4

This question already has an answer here:

Let's say I have these files in my folder:

cat.txt
dog.txt
house.txt
tree.txt

I want to rename all of them to something like this:

file1.txt
file2.txt
file3.txt
file4.txt

Is that possible to do via the command line?

I've only seen questions about renaming files that have some kind of pattern, like rename dog1.txt, dog2.txt -> cat1.txt, cat2.txt.

marked as duplicate by αғsнιη, waltinator, Sergiy Kolodyazhnyy command-line Jul 22 '17 at 4:45

This question has been asked before and already has an answer. If those answers do not fully address your question, please ask a new question.

5

Use rename utility to do this:

rename -n '$_ = sprintf "file%d.txt", ++$::count' *

Notes

  • -n makes the command show you what will happen if you run it. If the output was what you want, run it without -n to actually rename the files.
  • replace the * with what you want to rename, for example: dog*.txt to only rename dog1.txt, dog2.txt ... to file1.txt, file2.txt, etc.
  • $_ is a default input (file names) which we should modify.
  • using = we are modifying it
  • with sprintf we are defining a schema started by file followed by %d means a number and ended to the .txt.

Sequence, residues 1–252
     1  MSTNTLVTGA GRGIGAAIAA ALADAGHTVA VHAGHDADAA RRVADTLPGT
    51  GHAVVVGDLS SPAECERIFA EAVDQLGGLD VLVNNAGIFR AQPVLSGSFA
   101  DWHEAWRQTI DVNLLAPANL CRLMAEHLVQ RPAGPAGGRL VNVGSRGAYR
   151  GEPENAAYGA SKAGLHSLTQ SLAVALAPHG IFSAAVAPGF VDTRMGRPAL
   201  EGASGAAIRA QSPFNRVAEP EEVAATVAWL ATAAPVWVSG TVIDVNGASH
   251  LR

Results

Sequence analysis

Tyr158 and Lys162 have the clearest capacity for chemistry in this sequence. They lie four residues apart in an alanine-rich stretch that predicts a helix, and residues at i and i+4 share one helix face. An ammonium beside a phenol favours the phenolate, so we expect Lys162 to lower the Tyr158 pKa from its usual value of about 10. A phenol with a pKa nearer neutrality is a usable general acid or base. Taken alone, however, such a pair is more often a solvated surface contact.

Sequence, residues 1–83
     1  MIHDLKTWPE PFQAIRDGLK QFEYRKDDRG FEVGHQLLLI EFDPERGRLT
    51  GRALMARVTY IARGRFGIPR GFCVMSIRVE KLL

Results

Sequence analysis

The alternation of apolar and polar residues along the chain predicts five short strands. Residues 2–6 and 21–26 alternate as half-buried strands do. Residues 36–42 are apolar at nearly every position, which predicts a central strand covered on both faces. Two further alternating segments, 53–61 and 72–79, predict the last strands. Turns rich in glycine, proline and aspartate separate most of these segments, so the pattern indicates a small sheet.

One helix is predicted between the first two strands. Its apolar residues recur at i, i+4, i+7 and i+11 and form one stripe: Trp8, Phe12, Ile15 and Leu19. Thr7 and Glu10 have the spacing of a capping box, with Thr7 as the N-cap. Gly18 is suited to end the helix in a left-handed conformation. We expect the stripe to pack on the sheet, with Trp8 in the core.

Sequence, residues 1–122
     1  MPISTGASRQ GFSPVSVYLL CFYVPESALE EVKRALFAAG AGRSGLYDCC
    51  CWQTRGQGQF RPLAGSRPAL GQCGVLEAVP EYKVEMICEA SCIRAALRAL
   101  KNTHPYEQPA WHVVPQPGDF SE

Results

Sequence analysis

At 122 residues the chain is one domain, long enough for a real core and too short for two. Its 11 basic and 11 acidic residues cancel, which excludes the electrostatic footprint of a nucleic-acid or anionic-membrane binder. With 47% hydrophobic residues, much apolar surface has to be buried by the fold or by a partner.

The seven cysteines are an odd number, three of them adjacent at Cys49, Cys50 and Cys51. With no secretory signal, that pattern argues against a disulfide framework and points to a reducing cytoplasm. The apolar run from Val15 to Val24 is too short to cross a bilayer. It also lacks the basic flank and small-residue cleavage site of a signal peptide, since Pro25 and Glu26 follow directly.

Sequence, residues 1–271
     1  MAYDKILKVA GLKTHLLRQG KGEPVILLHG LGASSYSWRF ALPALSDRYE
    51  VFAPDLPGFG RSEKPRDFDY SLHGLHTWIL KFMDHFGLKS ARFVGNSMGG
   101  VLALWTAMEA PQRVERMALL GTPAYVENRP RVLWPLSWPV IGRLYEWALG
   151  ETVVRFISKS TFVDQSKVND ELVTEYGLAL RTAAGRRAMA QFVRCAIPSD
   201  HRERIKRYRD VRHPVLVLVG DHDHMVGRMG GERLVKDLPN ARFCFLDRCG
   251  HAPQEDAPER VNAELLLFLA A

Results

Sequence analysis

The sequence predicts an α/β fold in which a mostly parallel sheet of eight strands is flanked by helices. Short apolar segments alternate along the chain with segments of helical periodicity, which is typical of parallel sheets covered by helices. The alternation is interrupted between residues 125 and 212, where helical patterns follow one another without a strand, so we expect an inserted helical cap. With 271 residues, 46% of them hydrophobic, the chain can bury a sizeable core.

• the number (%d) will be assigned using ++$::count, which is a simple counter iterated after each rename.

The idea comes from here.

  • It worked! Thank you. It was the simplest method I've seen. Well, I'm not a developer guy, so could you explain a little the part -> '$_ = sprintf "file%d.txt", ++$::count' ? What I understand is the files will be renamed like file1, file2 etc because of the "file%d.txt", but the rest of the code I'm trying to understand. Thanks. – Denis Alves Jul 21 '17 at 19:53
  • @DenisAlves Updated the answer. – Ravexina Jul 21 '17 at 20:15
2

It may be done, but with some caveats. You have stated that "...these files [are] in my folder", which would be one of such caveats. We could use globstar and iterate over the expanded filenames:

$ c=0;for f in *; do ((c++));  echo "$f" "--->" file"$c".txt ; done                            
cat.txt ---> file1.txt
dog.txt ---> file2.txt
house.txt ---> file3.txt
tree.txt ---> file4.txt

Of course you could always go the "manual" way via a list.txt, where you can store a list of filenames and read that file via the while IFS= read -r ; do ... done < list.txt

$ c=0; while IFS= read -r f; do ((c++)); echo "$f" file"$c" ; done < input.txt                 
cat.txt file1
dog.txt file2
tree.txt file3

Of course this list theme can be extended in many ways - csv lists, json files,key-value lists - you name it. There's plenty of questions about these online. There's of course other choices you have to make, like give full path to files or perform everything in the same directory as the list.

Finally, I already hinted at key-value lists. With bash and other more modern scripting languages like Python or Perl, you could have a hash ( or dictionary ) with list of files and corresponding new name that you wish the file to have.

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